In addition to the standard-bearers (B6, B complex, Omega-3, Magnesium) I’ve also used alfalfa and MSM. Alfalfa’s a good source of a large number of vitamins and minerals, which is why that works. MSM is also a good anti-inflammatory, and some people believe the body uses MSM to regenerate nerves and other tissues. I don’t think anyone totally understands how or why MSM works. The first bottle of MSM I got billed it as a natural painkiller, and while its effect wasn’t like, say, aspirin, it did seem to calm down the nerve that RSI irritates.

As far as exercise, there are stretches your doctor should be able to show you. A friend I know who’s a physical trainer says the first thing you should do any time you feel pain is to figure out what hurts, then do the opposite. I used to keep a baseball bat next to my computer. When I’d tighten up, I’d take the bat, walk into an open area, and swing the bat around for a while. If you swing the bat with proper technique, where you rotate your wrists and at the end of the swing your right hand is actually out front (or your left hand, if you bat left-handed), you’ll loosen your wrists up pretty quickly. People gave me funny looks when they saw the bat next to the computer, and funny looks when they saw me swinging a bat in the hallway or in the living room, but it helped. Find an exercise that tends to make your wrists pop. It’ll help.

Supplements help ailing wrists

Wednesday, 6/14/00
Supplement attacks… The alfalfa continues to help (my right arm is better, in some regards, than it’s been since I popped my elbow trying to throw fastballs in the lower 90s some 10 years ago). Time to ship a big bottle of this stuff to Jose Rosado, to see if it can help his ailing left shoulder so he can come back and help the Royals’ atrocious pitching.

I also added a trio of fatty acids, after Chris Ward-Johnson suggested them. Two of them come from fish oil, the source of the third I can’t remember offhand, but they made sense, since they’re all used not only for inflammation, but also for heart health (since my dad died at 51 of a heart attack, I watch that) and for healthy skin. If something helps three conditions I have, it sounds reasonable that I should take it–by my logic, that sounds like a good indication of a deficiency. I know more about DEC VAX mainframes than I know about these supplements, but I’m learning.

And my chiropractor is impressed with my progress.

When’s comeback time? Hard to say. The new book has to take priority once I’m physically capable of typing in large quantities again. I’ll probably use my small-quantity typing energies to resume editing. Expect me to be more of an Occasionalnoter than a Daynoter for a good while.

Read this if you have an Iomega drive of any sort. More reports of Jaz/Zip problems here. Whether Steve Gibson’s TIP will help is hard to say. But at any rate, I’ve entrusted data to an Iomega product for the last time… Count on it.

‘Scuse me while I go pawn my Zip drive and disks.

Nursing my wrists back to health

Friday, 6/9/00
Dave here… Not back for good yet, but I’m much better today. Thanks go out to all of my well-wishers.

As for treatment… The combination of chiropractics, vitamins and alfalfa seems to be working. My conventional doctors would be aghast, but this stuff’s working, whereas they weren’t interested in listening to what was going on, so until I succeed in finding a local general practitioner who’s interested in listening to patients, I’ll stay this course.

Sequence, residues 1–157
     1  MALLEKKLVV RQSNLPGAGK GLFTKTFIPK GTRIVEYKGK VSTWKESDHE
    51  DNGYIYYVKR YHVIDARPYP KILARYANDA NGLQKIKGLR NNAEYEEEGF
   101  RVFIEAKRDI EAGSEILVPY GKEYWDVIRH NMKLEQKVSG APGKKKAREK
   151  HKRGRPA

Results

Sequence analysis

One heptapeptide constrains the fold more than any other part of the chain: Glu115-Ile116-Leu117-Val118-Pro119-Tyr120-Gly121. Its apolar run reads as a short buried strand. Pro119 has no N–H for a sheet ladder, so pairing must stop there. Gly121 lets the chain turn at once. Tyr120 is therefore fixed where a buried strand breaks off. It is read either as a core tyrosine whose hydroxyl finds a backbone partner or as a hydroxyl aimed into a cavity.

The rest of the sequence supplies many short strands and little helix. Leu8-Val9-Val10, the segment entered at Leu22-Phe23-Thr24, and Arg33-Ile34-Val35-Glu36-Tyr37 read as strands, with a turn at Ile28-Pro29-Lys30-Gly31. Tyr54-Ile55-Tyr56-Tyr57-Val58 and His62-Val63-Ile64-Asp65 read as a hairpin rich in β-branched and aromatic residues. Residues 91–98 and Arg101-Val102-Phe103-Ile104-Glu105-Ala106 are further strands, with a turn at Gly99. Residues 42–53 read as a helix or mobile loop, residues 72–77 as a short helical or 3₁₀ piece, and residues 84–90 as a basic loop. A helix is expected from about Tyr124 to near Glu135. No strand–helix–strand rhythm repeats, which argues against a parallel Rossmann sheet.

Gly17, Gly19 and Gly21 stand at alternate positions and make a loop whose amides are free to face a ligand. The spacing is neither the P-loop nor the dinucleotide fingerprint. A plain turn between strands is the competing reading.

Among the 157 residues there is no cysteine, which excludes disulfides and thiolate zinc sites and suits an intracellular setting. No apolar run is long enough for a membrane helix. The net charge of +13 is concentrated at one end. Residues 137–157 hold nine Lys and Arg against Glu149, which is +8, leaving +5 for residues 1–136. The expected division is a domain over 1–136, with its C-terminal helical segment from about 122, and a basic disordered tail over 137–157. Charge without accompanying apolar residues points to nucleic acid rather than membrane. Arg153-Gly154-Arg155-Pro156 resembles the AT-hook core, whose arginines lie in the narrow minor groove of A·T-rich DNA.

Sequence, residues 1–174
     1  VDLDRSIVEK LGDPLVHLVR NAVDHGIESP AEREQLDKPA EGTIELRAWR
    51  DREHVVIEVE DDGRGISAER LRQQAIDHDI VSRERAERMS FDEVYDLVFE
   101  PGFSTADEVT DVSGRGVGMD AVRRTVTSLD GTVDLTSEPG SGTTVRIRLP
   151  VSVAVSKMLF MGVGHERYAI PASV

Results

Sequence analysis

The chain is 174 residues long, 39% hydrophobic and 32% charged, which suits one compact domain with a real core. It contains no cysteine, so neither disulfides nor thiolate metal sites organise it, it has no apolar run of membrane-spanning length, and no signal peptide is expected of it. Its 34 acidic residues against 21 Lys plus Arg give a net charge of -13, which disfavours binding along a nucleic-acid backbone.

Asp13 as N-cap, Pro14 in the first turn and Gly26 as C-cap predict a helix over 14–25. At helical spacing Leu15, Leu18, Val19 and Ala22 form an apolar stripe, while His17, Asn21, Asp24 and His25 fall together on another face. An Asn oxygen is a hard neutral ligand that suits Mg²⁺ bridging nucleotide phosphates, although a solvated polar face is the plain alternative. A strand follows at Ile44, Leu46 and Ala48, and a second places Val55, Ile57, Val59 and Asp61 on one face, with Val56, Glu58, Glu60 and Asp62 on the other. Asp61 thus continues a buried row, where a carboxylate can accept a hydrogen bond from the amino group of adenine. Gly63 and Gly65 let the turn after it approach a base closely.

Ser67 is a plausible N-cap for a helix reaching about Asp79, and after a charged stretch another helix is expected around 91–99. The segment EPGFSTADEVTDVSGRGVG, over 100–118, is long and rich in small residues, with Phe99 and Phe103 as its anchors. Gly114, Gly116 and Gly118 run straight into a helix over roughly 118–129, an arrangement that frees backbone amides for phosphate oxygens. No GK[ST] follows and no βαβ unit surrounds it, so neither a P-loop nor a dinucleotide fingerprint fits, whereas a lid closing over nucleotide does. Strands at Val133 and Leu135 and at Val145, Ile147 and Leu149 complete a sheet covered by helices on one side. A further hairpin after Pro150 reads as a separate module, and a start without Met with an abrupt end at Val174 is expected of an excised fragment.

I’m currently on massive doses of alfalfa, which makes me “a freaky hippie vegetarian type who takes it in pill form because he’s too lazy to chew food,” in the opinion of one Tim Coleman. (This–or something very much like it–he said after he asked if I chew my own cud.) Chlorophyl helps joints and cartilige, supposedly, and alfalfa is also rich in a chemical called MSM that according to many sources I’ve found has numerous healing properties. Alfalfa is also reported to be very good at de-toxing the body.

I don’t care so much how it works as much as that it does work. Seeing as it takes an act of Congress to get in to see my regular doctor and he doesn’t have anything useful to say anyway, and a bottle of alfalfa costs $4, I’ll take that route and keep seeing my chiropractor. We’ll know on Monday when he hits me again with the ultrasound how things are going. The less it hurts, the better off I am.

In addition to finding out about alfalfa, my research seems to indicate I’m deficient in magnesium, potasium, and fatty acids (whatever those are). But I’m mostly interested in solving the typing problem. Leg cramps and premature gray hair aren’t keeping me from writing books, after all.

Besides the alfalfa, I’m also on Vitamins E, B complex, and extra vitamin B6. I’ve been on B6 for about a month; the others for a little over a week I think.

Well, I should be in absolute agony by now, but I’m not. I’m going to back off now, though. Your first move after stepping out of the wheelchair shouldn’t be to run the Boston Marathon.

Important disclaimer: I claim to know absolutely nothing about why any of this stuff works and whether it would be suitable for anything. Yes, so my dad, grandfather, and grandmother were all doctors. They knew the human body inside and out and knew nothing about computers. I know computers inside and out and know nothing about the human body, other than that I’ve got one.